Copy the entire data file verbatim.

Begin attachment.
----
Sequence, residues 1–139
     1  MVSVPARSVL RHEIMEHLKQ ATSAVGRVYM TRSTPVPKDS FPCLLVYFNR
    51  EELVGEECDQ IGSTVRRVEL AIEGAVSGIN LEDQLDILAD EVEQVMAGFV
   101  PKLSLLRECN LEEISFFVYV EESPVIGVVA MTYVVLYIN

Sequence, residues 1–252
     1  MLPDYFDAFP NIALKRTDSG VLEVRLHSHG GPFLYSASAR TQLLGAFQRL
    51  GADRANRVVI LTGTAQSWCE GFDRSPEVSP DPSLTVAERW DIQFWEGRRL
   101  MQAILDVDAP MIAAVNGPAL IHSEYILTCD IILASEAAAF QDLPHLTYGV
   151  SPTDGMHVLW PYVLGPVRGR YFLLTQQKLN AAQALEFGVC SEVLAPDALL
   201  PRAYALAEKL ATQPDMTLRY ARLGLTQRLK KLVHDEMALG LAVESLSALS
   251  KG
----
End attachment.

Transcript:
Sequence, residues 1–139
     1  MVSVPARSVL RHEIMEHLKQ ATSAVGRVYM TRSTPVPKDS FPCLLVYFNR
    51  EELVGEECDQ IGSTVRRVEL AIEGAVSGIN LEDQLDILAD EVEQVMAGFV
   101  PKLSLLRECN LEEISFFVYV EESPVIGVVA MTYVVLYIN

Sequence, residues 1–252
     1  MLPDYFDAFP NIALKRTDSG VLEVRLHSHG GPFLYSASAR TQLLGAFQRL
    51  GADRANRVVI LTGTAQSWCE GFDRSPEVSP DPSLTVAERW DIQFWEGRRL
   101  MQAILDVDAP MIAAVNGPAL IHSEYILTCD IILASEAAAF QDLPHLTYGV
   151  SPTDGMHVLW PYVLGPVRGR YFLLTQQKLN AAQALEFGVC SEVLAPDALL
   201  PRAYALAEKL ATQPDMTLRY ARLGLTQRLK KLVHDEMALG LAVESLSALS
   251  KG